There’s hope!

  28. Cory Doctorow says:

    So what, Johen? Well, if you are a record executive hoping to save your industry from disaster (as opposed to someone hoping to make the world a place where no one gets anything for free), then setting yourself on a course that systematically alienates your best customers because they’re also prolific file-sharers is a suicidally bad idea.

    As a matter of fact, if it were the widespread case that there were pirates who made commercial editions of my books and sold them, but bought more copies of my books from me than they sold, I’d be cutting my own throat if I went after them to make them stop. The point of being an entrepreneur is to pick the strategy that makes you the most money, not the one that ensures that you have maximal control.

  29. phasor3000 says:

    Teresa, thanks so much for contributing to the discussion.

  30. Teresa Nielsen Hayden/Moderator says:

    Bob, not all filesharing is theft. You should remember to make that distinction when you’re discussing the subject.

    Also, if you’re going to insist on referring to unlicensed filesharing as theft, you should also be referring to record company doings as barratry, price gouging, conspiracy in restraint of trade, and other appropriate terms for criminal acts.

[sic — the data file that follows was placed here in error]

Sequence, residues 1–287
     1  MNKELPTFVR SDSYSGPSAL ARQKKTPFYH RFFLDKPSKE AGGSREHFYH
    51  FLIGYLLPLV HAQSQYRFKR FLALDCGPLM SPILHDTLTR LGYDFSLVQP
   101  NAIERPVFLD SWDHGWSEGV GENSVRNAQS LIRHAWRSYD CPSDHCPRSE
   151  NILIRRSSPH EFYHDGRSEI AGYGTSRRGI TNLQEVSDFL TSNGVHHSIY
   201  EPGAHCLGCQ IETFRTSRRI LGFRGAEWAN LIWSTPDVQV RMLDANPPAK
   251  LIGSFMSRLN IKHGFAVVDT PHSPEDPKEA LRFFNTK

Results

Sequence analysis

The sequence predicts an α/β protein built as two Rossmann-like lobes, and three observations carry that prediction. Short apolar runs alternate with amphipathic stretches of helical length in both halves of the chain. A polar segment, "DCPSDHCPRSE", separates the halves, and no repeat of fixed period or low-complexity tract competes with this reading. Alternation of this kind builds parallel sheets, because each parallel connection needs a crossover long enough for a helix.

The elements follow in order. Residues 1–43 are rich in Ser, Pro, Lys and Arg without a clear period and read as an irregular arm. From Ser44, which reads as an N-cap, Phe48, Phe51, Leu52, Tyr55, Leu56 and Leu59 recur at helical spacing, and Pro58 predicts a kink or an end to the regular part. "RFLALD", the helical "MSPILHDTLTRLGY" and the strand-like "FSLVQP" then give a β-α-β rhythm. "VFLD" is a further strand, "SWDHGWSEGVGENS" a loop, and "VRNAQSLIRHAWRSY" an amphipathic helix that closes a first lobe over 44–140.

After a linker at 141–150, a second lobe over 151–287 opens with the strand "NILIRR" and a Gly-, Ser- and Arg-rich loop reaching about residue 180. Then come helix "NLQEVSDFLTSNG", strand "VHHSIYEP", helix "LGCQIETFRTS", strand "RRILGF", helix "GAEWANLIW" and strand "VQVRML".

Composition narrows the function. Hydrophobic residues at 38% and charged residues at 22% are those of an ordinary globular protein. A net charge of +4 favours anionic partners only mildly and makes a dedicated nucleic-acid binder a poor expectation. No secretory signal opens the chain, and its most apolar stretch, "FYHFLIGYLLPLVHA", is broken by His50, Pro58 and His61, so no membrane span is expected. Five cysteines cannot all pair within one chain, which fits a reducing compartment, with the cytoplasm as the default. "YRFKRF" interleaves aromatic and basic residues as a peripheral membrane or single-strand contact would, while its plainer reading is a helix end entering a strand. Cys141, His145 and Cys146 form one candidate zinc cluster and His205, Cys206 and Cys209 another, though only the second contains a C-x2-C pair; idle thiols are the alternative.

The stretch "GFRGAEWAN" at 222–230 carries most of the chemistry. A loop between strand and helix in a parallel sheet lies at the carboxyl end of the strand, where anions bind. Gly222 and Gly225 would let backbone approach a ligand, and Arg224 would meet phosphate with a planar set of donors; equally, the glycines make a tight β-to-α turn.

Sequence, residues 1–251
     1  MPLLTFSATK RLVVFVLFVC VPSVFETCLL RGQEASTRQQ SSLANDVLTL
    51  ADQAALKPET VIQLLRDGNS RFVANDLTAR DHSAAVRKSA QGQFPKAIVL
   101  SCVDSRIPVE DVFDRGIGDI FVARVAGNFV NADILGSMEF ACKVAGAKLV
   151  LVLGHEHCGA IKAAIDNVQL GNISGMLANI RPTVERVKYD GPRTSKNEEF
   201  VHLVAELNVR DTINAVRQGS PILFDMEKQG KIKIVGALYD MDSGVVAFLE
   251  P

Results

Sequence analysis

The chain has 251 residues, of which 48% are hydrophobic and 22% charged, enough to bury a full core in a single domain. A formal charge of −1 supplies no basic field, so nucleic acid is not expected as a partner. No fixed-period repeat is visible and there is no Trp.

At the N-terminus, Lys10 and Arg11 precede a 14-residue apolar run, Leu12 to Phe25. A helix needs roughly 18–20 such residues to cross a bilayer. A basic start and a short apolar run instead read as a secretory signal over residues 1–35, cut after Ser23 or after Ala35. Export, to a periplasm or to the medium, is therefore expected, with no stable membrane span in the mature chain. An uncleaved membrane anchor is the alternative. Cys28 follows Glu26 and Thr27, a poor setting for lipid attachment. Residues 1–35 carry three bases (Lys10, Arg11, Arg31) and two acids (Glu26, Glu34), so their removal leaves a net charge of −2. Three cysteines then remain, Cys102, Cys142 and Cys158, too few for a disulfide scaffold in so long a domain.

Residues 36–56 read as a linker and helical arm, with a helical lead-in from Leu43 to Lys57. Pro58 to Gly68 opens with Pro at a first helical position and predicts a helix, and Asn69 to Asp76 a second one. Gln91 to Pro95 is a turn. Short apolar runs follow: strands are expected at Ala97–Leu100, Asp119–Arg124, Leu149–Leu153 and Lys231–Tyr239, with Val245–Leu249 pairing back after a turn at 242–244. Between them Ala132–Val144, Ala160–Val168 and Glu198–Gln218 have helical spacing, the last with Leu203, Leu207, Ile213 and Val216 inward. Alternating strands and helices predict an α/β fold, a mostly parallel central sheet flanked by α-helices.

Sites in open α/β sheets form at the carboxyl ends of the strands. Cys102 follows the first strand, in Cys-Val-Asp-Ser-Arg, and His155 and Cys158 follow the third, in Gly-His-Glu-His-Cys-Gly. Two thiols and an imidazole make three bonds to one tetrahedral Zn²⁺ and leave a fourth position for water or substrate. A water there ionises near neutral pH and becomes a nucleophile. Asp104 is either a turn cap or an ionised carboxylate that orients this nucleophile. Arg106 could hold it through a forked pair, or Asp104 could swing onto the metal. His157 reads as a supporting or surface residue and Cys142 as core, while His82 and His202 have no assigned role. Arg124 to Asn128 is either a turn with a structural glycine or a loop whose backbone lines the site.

31. Anonymous says:

    Bob, I disapprove of your inflammatory use of the word “thieves” on this, Cory’s, blog.

    As for the RIAA, can somebody please explain to me why these yahoos and the record company CEOs that tell them what to do aren’t being prosecuted right now on charges of racketeering? I remember reading one or two opinions on this, but those seemed to contain a high level of po-TAH-to/po-TEI-to. I doubt that in a country that routinely locks up almost 2% of its population, courts are going to be that nitpicky.

  32. phasor3000 says:

    Teresa:

    Also, if you’re going to insist on referring to unlicensed filesharing as theft, you should also be referring to record company doings as barratry, price gouging, conspiracy in restraint of trade, and other appropriate terms for criminal acts.

    OMG, I actually agree with you on something.

    But as always, two wrongs (record company greed and illegal filesharing) don’t make a right. The record companies probably claim that their extortionate pricing and obnoxious DRM is necessary due to sales lost to filesharing. I don’t see either side as having the moral high ground.

  33. Cory Doctorow says:

    Phone companies are beneficiaries of public largesse, regulatory monopolies, free rights of way and subsidy. They have a duty to repay the largesse we afford them.

    Further, they control the means of communication around the world.

    The situations aren’t parallel.

  34. Nick D says:

    “Please correct me if i’m wrong, but I believe of all the lawsuits they’ve brought against people, none of them have been for downloading music, but for OFFERING music for download.”